AWS introduced Step Functions in late-2016 as a way to trigger multiple functions or service interactions in a particular order using intuitive visual “workflows.” In this post, we test drive this functionality by using Step Functions to orchestrate Twilio and SES calls from a simple restaurant aggregator app.

MongoDB Stitch (currently in beta) provides an alternative approach to orchestrating functions. In addition to providing a REST-like API to MongoDB, Stitch's multi-stage service pipelines allow each stage to act on the data before passing its results on to the next.

5. Optimizing Lambda Performance:

For the advanced serverless developer, this tutorial dives into the nitty gritty of optimizing Lambda functions for performance. While Lambda functions aren’t known for being the snappiest way to complete a task, there are tweaks you can make in order to reduce latency.

We hope you enjoyed this brief foray into our blog archives and we hope to see you next week at AWS Summit NYC! The MongoDB team will be there all day to answer questions, give out shirts, and talk shop with the AWS community. If you’re not registered yet, you can get your ticket to this free event here.

Delivering Thoughtfulness at Scale Using MongoDB Atlas & AWS

On the third floor of a pre-war building in Manhattan’s Chelsea neighborhood, you might not expect to stumble upon a fleet of hundreds of handwriting robots. However, in the offices of Bond, that’s exactly what you’ll find. Bond began in 2013 as a gifting company, adorning each of their gifts with a handwritten note. It soon became clear that the note (and not the gift) would be the kickstart to Bond’s success.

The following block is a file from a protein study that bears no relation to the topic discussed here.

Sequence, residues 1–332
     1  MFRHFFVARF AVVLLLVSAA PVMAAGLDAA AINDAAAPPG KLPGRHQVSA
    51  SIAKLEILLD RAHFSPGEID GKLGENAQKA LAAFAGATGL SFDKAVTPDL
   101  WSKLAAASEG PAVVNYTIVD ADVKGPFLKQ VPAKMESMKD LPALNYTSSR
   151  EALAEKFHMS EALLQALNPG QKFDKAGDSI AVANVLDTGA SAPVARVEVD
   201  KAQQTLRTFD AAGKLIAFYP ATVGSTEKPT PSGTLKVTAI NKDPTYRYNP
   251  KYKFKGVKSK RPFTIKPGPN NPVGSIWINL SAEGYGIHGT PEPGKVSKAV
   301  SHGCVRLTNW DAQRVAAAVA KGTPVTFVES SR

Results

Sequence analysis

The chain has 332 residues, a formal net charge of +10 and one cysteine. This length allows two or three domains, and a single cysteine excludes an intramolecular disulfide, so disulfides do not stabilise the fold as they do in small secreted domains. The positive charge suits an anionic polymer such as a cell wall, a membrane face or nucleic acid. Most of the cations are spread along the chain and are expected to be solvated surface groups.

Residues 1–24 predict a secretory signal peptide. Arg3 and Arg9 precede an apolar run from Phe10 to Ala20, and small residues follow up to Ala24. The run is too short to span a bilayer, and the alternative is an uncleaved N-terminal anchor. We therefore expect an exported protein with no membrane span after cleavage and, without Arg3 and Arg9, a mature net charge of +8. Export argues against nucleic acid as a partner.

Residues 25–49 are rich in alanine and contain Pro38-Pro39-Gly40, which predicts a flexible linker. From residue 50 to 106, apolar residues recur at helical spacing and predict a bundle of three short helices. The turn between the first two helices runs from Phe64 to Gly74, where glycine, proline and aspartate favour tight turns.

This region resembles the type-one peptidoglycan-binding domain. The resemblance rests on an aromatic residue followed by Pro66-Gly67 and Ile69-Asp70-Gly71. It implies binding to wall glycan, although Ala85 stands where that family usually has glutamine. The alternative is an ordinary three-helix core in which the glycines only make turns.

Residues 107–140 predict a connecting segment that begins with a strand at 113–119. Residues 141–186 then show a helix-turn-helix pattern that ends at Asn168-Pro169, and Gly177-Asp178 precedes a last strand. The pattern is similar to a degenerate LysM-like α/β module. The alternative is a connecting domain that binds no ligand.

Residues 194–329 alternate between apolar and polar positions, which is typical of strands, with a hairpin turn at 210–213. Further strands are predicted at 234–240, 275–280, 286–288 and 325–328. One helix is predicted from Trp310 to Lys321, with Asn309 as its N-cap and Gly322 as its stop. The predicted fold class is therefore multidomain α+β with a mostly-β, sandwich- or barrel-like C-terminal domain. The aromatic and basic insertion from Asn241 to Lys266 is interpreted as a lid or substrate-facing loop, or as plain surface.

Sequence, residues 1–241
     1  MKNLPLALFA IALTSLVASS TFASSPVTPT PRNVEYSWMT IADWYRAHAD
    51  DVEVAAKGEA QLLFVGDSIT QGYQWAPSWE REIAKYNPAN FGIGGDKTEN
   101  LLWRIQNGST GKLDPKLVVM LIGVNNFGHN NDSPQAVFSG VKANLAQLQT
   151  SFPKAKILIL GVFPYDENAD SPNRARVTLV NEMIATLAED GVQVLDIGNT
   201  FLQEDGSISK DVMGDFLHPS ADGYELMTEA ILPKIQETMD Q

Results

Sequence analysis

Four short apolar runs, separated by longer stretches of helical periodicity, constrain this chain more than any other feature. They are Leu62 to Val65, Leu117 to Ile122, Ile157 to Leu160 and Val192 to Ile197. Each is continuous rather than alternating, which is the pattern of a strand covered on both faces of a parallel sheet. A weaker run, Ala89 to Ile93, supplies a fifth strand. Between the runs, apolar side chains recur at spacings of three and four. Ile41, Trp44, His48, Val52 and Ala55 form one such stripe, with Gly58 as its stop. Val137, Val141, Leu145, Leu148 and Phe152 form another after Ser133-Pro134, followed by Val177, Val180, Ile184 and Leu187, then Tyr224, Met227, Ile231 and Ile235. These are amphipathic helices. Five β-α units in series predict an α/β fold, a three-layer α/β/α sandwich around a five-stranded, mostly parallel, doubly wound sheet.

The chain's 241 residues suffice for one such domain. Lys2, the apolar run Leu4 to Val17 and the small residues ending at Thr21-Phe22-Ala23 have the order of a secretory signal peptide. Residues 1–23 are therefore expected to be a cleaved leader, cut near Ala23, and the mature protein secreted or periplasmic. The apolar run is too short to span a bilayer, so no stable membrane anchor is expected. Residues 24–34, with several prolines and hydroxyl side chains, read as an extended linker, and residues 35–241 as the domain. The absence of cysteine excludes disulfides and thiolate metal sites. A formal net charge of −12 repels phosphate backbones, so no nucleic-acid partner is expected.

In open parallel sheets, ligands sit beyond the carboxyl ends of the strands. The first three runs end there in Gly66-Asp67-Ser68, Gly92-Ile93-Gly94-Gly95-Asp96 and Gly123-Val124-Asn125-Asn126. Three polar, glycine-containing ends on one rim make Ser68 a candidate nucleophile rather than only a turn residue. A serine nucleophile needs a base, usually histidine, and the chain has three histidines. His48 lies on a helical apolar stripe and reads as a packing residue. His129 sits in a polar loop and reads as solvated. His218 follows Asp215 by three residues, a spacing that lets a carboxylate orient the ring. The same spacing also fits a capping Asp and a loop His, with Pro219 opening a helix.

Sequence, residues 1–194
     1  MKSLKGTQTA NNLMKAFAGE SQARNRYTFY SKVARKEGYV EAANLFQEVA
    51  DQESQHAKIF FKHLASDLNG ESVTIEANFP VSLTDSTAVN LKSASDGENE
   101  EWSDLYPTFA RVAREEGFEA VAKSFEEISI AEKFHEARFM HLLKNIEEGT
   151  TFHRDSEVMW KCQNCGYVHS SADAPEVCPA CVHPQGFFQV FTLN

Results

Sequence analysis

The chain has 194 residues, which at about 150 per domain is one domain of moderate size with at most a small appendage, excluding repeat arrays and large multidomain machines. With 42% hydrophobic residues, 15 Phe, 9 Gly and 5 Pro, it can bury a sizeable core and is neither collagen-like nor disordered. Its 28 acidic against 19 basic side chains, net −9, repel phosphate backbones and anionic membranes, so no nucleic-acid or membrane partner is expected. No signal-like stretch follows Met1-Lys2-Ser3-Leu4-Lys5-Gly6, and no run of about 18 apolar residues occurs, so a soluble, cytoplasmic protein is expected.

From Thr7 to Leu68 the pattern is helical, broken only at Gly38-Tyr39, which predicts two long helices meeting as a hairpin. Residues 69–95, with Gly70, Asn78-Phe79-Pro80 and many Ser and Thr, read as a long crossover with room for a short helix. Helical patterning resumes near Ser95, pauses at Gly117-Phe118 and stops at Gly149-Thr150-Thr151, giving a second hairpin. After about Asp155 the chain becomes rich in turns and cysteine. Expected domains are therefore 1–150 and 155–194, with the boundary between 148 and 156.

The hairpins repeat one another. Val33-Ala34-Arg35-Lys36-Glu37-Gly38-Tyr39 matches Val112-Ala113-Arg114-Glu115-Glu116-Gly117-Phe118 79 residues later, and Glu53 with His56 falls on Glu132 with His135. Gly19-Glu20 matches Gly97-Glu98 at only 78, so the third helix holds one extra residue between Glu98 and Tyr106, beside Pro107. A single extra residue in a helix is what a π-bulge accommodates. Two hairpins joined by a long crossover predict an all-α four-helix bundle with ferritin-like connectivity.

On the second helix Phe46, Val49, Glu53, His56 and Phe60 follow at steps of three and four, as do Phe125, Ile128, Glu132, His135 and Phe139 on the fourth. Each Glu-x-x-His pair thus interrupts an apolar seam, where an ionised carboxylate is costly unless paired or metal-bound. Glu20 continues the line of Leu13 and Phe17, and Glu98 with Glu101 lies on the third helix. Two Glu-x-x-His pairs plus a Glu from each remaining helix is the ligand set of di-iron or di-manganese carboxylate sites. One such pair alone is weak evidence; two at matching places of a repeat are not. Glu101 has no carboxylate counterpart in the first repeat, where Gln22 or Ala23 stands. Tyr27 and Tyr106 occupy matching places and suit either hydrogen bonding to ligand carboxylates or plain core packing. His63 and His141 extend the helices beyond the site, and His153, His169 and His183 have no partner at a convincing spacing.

Bond’s notes are generated with proprietary machine learning algorithms that mimic the way we write letters. The team examines the way different letters of the alphabet relate to each other and recreate that effect using NodeJS and their purpose-built robotic fleet. It’s one of the few companies where you’ll find calligraphers sitting alongside software engineers.

Selecting MongoDB over MySQL

While novelty may be part of the reason Bond’s notes catch the attention of millions of senders and recipients across the world, the company’s mission is more elegant: to equip anyone with the technology to be more thoughtful to the important people in their lives.

This mission resonated with thousands of new Bond customers, who quickly pushed the limits of Bond’s existing technical infrastructure. Originally built on MySQL running in Amazon Relational Database Service (RDS), the platform through which customers create and order notes was seeing upwards of 1,000 read operations per second. This read workload came at the expense of write consistency. The business was scaling exponentially but their database wasn’t keeping pace.

Before long, the engineering team was spending more cycles troubleshooting issues with the datastore rather than building out the core product offering.

Bond’s CTO began evaluating other options with a particular focus on NoSQL databases for their horizontal scalability. However, the team quickly realized that most NoSQL databases weren’t ready for primetime—they either lacked the required querying capabilities or were too infrastructure-intensive for their rapidly-growing requirements.

MongoDB was ultimately selected for its robust ecosystem, expressive query language, and scalability.

Migrating to MongoDB

Initially, Bond chose to continue to route write operations to MySQL and pass them to a hosted MongoDB instance where the data could be read at a much higher frequency. However, the team has since migrated completely to MongoDB as their database of record.